Coon Psychology Chapter 1

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Chapter 1 : 

Chapter 1 Introduction to Psychology and Research Methods Table of Contents Exit

What is Psychology? : 

What is Psychology? Psychology Psyche: Mind Logos: Knowledge or study Definition: The scientific study of behavior and mental processes Behavior: Overt, i.e. can be directly observed (crying) Mental Processes: Covert, i.e. cannot be directly observed (remembering) Table of Contents Exit

Empiricism: The Goals : 

Empiricism: The Goals To measure and describe behaviors To gather empirical evidence: Information gained from direct observation and measurement To gather data: Observed facts Table of Contents Exit

Scientific Observation : 

Scientific Observation Definition: Designed and structured to answer questions about the world Research Method: A systematic procedure for answering scientific questions Table of Contents Exit

Critical Thinking: Key Principles : 

Critical Thinking: Key Principles Few truths transcend the need for empirical testing Evidence varies in quality Authority or claimed expertise does not automatically make an idea true Critical thinking requires an open mind Table of Contents Exit

Critical Thinking : 

Critical Thinking Ability to analyze, evaluate, and synthesize information What would you expect to see if the claim were true? Gather evidence relevant to the claim Evaluate the evidence Draw a conclusion Oftentimes used in research Table of Contents Exit

What Might a Psychologist Research? : 

What Might a Psychologist Research? Development: Course of human growth and development Learning: How and why it occurs in humans and animals Personality: Traits, motivations, and individual differences Sensation and Perception: How we come to know the world through our five senses Table of Contents Exit

What Might a Psychologist Research? (cont.) : 

What Might a Psychologist Research? (cont.) Comparative: Study and compare behavior of different species, especially animals Biopsychology: How behavior is related to biological processes, especially activities in the nervous system Gender: Study differences between males and females and how they develop Social: Human and social behavior Table of Contents Exit

What Might a Psychologist Research? (cont.) : 

What Might a Psychologist Research? (cont.) Cultural: How culture affects behavior Evolutionary: How our behavior is guided by patterns that evolved during our history Table of Contents Exit

What Are the Goals of Psychology? : 

What Are the Goals of Psychology? Description of Behaviors: Naming and classifying various observable, measurable behaviors Understanding: The causes of behavior(s), and being able to state the cause(s) Prediction: Predicting behavior accurately Control: Altering conditions that influence behaviors in predictable ways Positive Use: To control unwanted behaviors, (e.g., smoking, tantrums, etc.) Negative Use: To control peoples’ behaviors without their knowledge Table of Contents Exit

Slide 11: 

Fig. 1.1 Results of an empirical study. The graph shows that horn honking by frustrated motorists becomes more likely as air temperature increases. This suggests that physical discomfort is associated with interpersonal hostility. Riots and assaults also increase during hot weather. Here we see a steady rise in aggression as temperatures go higher. However, research done by other psychologists has shown that hostile actions that require physical exertion, such as a fist fight, may become less likely at very high temperatures. (Data from Kenrick & MacFarlane, 1986.) Table of Contents Exit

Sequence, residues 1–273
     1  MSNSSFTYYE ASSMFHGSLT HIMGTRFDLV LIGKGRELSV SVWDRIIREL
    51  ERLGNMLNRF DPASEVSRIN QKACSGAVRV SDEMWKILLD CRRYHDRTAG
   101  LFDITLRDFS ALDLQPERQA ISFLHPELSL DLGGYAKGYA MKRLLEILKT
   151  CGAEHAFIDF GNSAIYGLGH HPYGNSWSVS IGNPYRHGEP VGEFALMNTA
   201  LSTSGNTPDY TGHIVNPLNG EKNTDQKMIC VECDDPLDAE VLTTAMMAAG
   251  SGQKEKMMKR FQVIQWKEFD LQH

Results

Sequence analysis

History of Psychology (Brief!): Beginnings : 

History of Psychology (Brief!): Beginnings Wilhelm Wundt: “Father” of Psychology 1879: Set up first lab to study conscious experience Introspection: Looking inward (i.e., examining and reporting your thoughts, feelings, etc.) Experimental Self-Observation: Incorporates both introspection and objective measurement; Wundt’s approach Table of Contents Exit

History of Psychology: Structuralism : 

History of Psychology: Structuralism Wundt’s ideas brought to the U.S. by Tichener and renamed Structuralism Structuralists often disagreed, and no way to prove who was correct! Structuralists: Introspection was a poor way to answer many questions Table of Contents Exit

History of Psychology: Functionalism : 

History of Psychology: Functionalism William James (American) and Functionalism How the mind functions to help us adapt and survive Functionalists admired Darwin and his Theory of Natural Selection: Animals keep features through evolution that help them adapt to environments Educational Psychology: Study of learning, teaching, classroom dynamics, and related topics Table of Contents Exit

History of Psychology: Behaviorism and Cognitive Behaviorism : 

History of Psychology: Behaviorism and Cognitive Behaviorism Behaviorism: Watson and Skinner Psychology must study observable behavior objectively Watson studied Little Albert with Rosalie Raynor; Skinner studied animals almost exclusively Cognitive Behaviorism: Ellis and Bandura Our thoughts influence our behaviors; used often in treatment of depression Table of Contents Exit

History of Psychology: Gestalt : 

History of Psychology: Gestalt Gestalt Psychology: “The whole is greater than the sum of its parts.” Studied thinking, learning, and perception in whole units, not by analyzing experiences into parts Key names: Wertheimer, Perls Table of Contents Exit